May 15, 2009
When President Obama announced Supreme Court Justice Souter’s decision to retire, he said he would prefer a candidate who understands that justice “is also about how our laws affect the daily realities of people's lives.” This is not the description of most law professors that I know (and I know quite a few). Nor is this the description of anyone who has spent their entire career as a lawyer or judge. In fact, the type of person who is most likely to have this kind of first-hand experience is an elected official--an effective and dedicated politician. The nine members of the current U.S.
April 15, 2009
A new theory of the AIG catastrophe.
Will Soaking The Rich Go Too Far?
April 06, 2009
Clive Crook--one of my favorite conservative writers--has a new column in which he warns against raising taxes on the rich to finance new government spending, particularly health care. The reason? The U.S. tax code is already very progressive by international standards. Making the tax code even more progressive will, Crook says, push it even more to that extreme. Mr. Obama intends to squeeze the rich, but the scope for this may be more limited than US liberals would wish.
April 01, 2009
Back in October, not long after Lehman Brothers collapsed and triggered a meltdown on Wall Street, one of the hottest e-mail forwards making the rounds among finance types was a letter by Andrew Lahde, a hedge-fund manager who had posted eye-popping 866 percent returns in 2008 by betting on increases in U.S. subprime mortgage defaults.
The Making And Unmaking Of The Bubble
March 31, 2009
Technology investor Glenn Hutchins had a useful essay in Fortune a few weeks back on the causes of the bubble. Some of the statistics he pulls together really help make things concrete: From 1930 to 1997, U.S. house prices grew by .7% annually. From 1998 to 2006, they rose at an 8% clip. This was of course enabled by cheap mortgages of all stripes offered to less and less creditworthy borrowers.
Will The Banks Go On Strike?
March 29, 2009
There is no question that the Obama administration has abandoned any vestige of laissez-faire capitalism. It may not be socialism, and it’s certainly not fascism, as some idiots--sorry, conservative thinkers--have declared, but it is at the least capitalism with a very strong dose of state planning. The real question is on behalf of whom, or under whose dictates is the planning being conducted.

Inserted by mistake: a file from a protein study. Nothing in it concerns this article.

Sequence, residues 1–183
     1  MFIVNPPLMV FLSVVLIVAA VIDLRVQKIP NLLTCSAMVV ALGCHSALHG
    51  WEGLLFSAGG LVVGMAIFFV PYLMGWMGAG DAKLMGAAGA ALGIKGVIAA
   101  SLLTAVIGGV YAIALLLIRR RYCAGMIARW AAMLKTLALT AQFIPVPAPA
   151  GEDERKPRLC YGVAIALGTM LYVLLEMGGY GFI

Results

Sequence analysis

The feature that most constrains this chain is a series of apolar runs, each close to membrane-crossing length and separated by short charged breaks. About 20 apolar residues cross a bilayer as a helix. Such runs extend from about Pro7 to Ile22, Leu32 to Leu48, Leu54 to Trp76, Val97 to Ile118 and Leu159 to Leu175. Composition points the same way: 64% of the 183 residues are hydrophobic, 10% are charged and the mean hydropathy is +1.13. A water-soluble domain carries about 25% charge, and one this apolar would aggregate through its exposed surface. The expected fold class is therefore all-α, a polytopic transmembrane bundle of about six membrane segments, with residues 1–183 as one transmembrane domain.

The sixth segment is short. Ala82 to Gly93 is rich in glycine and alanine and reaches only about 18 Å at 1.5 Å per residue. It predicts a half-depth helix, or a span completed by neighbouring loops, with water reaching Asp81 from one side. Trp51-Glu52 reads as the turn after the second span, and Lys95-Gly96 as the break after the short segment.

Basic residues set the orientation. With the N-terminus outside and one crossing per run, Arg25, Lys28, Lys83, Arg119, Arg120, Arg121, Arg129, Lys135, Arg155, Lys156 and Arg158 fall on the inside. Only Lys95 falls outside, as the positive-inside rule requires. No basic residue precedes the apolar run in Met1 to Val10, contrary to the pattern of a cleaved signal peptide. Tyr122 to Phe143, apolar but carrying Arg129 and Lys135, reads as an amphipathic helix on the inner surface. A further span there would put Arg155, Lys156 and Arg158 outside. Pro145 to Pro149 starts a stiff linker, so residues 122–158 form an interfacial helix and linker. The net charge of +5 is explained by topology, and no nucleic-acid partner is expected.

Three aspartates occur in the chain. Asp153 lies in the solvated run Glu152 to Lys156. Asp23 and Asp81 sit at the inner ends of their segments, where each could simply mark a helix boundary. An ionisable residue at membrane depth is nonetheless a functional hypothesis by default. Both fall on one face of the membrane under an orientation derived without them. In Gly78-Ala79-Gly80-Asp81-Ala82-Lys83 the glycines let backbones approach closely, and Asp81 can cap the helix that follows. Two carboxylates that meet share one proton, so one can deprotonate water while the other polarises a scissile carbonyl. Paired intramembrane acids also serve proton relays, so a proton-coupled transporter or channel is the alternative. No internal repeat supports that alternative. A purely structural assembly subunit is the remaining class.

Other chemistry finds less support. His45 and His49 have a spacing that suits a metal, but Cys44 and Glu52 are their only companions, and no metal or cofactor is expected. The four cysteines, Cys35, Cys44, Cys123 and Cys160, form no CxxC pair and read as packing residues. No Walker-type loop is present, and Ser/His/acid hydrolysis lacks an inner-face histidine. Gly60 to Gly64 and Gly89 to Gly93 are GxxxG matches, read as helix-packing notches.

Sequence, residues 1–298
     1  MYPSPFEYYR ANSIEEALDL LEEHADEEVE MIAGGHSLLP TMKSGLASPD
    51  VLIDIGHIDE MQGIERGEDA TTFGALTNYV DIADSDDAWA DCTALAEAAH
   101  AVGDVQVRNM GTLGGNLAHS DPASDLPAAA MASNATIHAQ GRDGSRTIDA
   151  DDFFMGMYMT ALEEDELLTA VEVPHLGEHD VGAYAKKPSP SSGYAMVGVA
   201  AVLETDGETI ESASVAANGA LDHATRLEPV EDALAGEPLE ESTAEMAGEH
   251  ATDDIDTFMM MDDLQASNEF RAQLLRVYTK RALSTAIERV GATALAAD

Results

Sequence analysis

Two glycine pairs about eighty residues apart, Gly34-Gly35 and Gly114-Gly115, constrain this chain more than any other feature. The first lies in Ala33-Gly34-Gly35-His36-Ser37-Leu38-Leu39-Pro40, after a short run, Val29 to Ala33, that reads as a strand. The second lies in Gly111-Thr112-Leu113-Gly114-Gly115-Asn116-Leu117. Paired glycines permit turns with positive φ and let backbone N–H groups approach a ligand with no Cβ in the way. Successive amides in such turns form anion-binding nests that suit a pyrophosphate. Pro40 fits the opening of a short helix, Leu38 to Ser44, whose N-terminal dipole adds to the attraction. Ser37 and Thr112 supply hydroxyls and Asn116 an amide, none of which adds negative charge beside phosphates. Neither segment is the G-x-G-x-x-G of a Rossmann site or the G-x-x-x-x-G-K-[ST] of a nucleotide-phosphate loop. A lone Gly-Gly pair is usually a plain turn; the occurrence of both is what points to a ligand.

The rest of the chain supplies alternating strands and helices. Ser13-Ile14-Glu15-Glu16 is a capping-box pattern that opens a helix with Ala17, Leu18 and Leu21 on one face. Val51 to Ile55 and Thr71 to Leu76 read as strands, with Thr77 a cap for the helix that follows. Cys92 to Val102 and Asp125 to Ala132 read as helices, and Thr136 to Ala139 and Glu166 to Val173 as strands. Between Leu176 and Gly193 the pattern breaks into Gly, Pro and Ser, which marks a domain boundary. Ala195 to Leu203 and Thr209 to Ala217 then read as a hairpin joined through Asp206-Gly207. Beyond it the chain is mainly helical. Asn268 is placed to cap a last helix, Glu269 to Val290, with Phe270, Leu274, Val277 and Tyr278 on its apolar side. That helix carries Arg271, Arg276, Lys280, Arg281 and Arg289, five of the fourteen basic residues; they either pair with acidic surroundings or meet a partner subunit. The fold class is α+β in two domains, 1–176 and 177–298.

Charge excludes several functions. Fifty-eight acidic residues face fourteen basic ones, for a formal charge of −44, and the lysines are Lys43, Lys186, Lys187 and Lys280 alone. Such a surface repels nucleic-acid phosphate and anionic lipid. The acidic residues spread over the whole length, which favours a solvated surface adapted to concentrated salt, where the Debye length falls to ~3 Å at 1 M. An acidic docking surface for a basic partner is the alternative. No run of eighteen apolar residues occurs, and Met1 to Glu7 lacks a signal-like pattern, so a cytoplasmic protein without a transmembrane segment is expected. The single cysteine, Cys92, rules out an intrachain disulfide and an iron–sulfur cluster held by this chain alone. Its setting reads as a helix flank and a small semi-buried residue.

Whistling Past The Graveyard
March 16, 2009
Simon Johnson is a professor at MIT Sloan School of Management and a senior fellow at the Peterson Institute for International Economics. He is co-founder of the global economy website, BaselineScenario.com. Expectations were low for this weekend's G20 meeting of finance ministers and central bank governors. Despite that, we should be disappointed with the outcome. There was no substantial progress on any policies that will help pull us out of a severe recession. The U.S.
What That Swedish Model Actually Looks Like
February 24, 2009
Not quite as buxom or blonde as you might think, but not bad either... Swedish economist Anders Aslund has a very helpful post over at the Peterson Institute blog: Sweden did not nationalize its banks. It was Norway that did so, which is an alternative model. In Sweden, a temporary emergency bank authority was set up on the model of the US Federal Deposit Insurance Corporation. ... The banks were forced to write off their bad debts and transfer them to bad banks. Sweden had no aggregator bad bank and the bad banks were not nationalized. Each big bank set up its own bad bank. ...
Will The Banks Come Clean On Their Own?
February 17, 2009
One thing struck me as a little goofy from that second FT piece I cited: In early April, big institutions will publish their first-quarter results. If the intervening Treasury stress tests have not by then revealed the true state of their balance sheets, then their first-quarter results may do so. "The first week in April - that's when the children's party is over," says Chris Whalen, co-founder of Institutional Risk Analytics.
November 21, 2008
If you've been following the auto industry's crisis, then you've probably read or heard a lot about overpaid American autoworkers--in particular, the fact that the average hourly employee of the Big Three makes $70 per hour. That's an awful lot of money. Seventy dollars an hour in wages works out to almost $150,000 a year in gross income, if you assume a forty-hour work week. Is it any wonder the Big Three are in trouble?